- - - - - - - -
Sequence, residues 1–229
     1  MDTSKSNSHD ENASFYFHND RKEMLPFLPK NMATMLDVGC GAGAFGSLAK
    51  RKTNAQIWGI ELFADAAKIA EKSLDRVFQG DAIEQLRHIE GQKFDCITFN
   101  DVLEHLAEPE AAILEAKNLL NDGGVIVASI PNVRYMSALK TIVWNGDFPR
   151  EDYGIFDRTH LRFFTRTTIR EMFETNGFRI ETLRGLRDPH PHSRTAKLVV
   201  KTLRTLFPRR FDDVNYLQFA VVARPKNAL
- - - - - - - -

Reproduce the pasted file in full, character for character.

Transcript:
Sequence, residues 1–229
     1  MDTSKSNSHD ENASFYFHND RKEMLPFLPK NMATMLDVGC GAGAFGSLAK
    51  RKTNAQIWGI ELFADAAKIA EKSLDRVFQG DAIEQLRHIE GQKFDCITFN
   101  DVLEHLAEPE AAILEAKNLL NDGGVIVASI PNVRYMSALK TIVWNGDFPR
   151  EDYGIFDRTH LRFFTRTTIR EMFETNGFRI ETLRGLRDPH PHSRTAKLVV
   201  KTLRTLFPRR FDDVNYLQFA VVARPKNAL